Silicon Valley Professionals are Taking LSD at Work to Increase Productivity

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An increasing number of twenty-somethings are reportedly ‘micro-dosing’ on psychedelic drugs – and they say it’s making them better workers.

Could taking LSD at work make your more productive?

“You’re doing a task you normally couldn’t stand for two hours, but you do it for three or four. You eat properly. Maybe you do one more set of reps. Just a good day. That seems to be what we’re discovering.”

— Dr James Fadiman, psychedelics researcher

Adam Boult reports: It seems unlikely, but that’s apparently what some Silicon Valley professionals have been doing – and reporting great results.

According to Rolling Stone, a growing number of people are experimenting with “microdoses” of psychedelics to help them work.

A microdose of LSD is around 10-15 micrograms, approximately a tenth of a “normal” dose.

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“You’re doing a task you normally couldn’t stand for two hours, but you do it for three or four. You eat properly. Maybe you do one more set of reps. Just a good day. That seems to be what we’re discovering.”

At that dosage, Rolling Stone describes the drug’s effects as “subperceptual”: ” ‘Enough, says Rick Doblin, founder and executive director of the Multidisciplinary Association for Psychedelic Studies, ‘to feel a little bit of energy lift, a little bit of insight, but not so much that you are tripping.’”

Psychedelics researcher Dr James Fadiman discussed microdosing with Vice, saying: ‘People do it and they’re eating better, sleeping better, they’re often returning to exercise or yoga or meditation. It’s as if messages are passing through their body more easily.”

• LSD popular again, expert warns 

• Oliver Sacks’ most mind-bending experiment

“But what many people are reporting is, at the end of the day, they say, ‘That was a really good day.’ You know, that kind of day when things kind of work.” Read the rest of this entry »


Psychedelics: Ready for a Medical Comeback 

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In Switzerland, Canada, Brazil, Peru, Mexico and the United States, researchers with no evident countercultural tendencies are conducting research that is finding psychedelic drugs a valuable adjunct to psychotherapy in treating addiction, post-traumatic stress and the depression or anxiety that often comes with terminal illness.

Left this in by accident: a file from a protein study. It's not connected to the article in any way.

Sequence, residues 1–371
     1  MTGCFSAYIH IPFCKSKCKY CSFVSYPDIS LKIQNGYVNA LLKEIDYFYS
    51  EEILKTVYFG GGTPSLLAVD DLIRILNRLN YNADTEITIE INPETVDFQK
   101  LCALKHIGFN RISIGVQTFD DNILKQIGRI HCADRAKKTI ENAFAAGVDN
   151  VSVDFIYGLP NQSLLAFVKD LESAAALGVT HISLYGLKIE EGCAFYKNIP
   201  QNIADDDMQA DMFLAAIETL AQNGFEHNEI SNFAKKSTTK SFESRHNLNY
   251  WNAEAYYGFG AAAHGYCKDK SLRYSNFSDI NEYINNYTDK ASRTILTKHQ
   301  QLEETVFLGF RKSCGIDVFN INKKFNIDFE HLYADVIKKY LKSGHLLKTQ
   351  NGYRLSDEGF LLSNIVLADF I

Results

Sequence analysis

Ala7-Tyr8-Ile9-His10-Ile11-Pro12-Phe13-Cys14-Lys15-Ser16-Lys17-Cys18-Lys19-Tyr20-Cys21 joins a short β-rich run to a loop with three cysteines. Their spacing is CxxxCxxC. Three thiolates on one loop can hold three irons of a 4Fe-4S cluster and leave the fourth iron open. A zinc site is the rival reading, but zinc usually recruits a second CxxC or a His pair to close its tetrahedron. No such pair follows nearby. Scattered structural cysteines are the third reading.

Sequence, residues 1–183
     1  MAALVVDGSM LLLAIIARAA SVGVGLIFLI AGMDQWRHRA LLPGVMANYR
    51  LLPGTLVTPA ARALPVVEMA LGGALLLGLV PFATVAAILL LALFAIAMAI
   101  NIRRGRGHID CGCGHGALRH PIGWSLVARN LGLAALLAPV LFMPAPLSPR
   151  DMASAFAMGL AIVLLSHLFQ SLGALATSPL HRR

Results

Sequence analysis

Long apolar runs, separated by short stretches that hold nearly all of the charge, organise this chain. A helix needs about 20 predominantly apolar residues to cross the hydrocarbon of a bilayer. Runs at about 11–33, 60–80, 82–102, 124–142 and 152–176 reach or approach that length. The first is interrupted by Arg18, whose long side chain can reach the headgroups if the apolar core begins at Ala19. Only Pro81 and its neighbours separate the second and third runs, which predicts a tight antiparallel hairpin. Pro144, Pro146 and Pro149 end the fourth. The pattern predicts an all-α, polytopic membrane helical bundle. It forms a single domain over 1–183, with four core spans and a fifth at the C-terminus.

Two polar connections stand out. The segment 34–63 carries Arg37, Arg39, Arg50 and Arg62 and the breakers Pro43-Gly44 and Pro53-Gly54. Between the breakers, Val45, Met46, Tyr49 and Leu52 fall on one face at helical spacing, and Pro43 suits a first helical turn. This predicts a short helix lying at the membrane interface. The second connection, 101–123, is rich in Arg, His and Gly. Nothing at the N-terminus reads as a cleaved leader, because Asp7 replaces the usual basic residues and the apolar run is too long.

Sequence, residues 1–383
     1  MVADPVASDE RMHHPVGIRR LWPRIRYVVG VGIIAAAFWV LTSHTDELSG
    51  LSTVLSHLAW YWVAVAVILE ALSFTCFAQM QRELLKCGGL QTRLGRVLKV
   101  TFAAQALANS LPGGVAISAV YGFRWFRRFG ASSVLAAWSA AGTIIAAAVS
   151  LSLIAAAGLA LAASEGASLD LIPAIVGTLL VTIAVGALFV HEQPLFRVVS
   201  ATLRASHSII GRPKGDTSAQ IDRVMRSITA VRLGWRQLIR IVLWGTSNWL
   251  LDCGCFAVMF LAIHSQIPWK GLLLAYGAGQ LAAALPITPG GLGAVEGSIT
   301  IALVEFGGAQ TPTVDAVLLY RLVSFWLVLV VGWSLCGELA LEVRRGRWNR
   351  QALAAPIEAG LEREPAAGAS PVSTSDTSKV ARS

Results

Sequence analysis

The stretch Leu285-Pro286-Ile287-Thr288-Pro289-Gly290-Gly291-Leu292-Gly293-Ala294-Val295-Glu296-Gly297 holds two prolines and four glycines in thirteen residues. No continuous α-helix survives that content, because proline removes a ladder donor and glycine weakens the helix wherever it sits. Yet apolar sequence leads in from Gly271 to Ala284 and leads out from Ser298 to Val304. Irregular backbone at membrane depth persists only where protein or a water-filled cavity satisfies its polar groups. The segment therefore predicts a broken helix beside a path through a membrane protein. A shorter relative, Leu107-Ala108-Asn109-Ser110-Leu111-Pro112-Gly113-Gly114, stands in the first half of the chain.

Melissa Healy reports: New research on the use of psychedelic drugs as treatment for a range of mental disorders appears to be throwing open doors of perception long closed within the medical community, says a new analysis in the Canadian Medical Assn. Journal.

“Experimental therapeutic uses of psychedelic drugs have been tightly controlled, requiring extensive screening of prospective patients, close monitoring during medication use, and extended follow-up.”

For several decades, the North American medical establishment has classified psychedelic drugs — including lysergic acid diethylamide (LSD), psilocybin and methylenedioxymethamphetamine (MDMA) — as drugs of abuse with little to no medical purpose or means of safe use.

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“But for all of that, when psychedelics such as MDMA have been tested in conjunction with psychotherapy for PTSD, or psilocybin for alcohol dependence, ‘relatively time-limited interventions’ have been shown to have enduring benefits.”

That, four researchers argue, is changing.

[Also see – LSD, Reconsidered for Therapy]

[More – Psychedelics: Poised for a Comeback]

In Switzerland, Canada, Brazil, Peru, Mexico and the United States, researchers with no evident countercultural tendencies are conducting research that is finding psychedelic drugs a valuable adjunct to psychotherapy in treating addiction, post-traumatic stress and the depression or anxiety that often comes with terminal illness.

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“It’s been a cautious road, but one that’s data-driven. A big factor is really that enough time has passed for the sensationalism to kind of simmer down and for sober heads to say, ‘Hold on, let’s look at the evidence.'”

While most are small-scale pilot studies, larger trials are planned — and “more and more people are becoming interested and even jumping into the field to start trials themselves,” said senior author Matthew W. Johnson, a professor of psychiatry and behavioral sciences at Johns Hopkins University. Read the rest of this entry »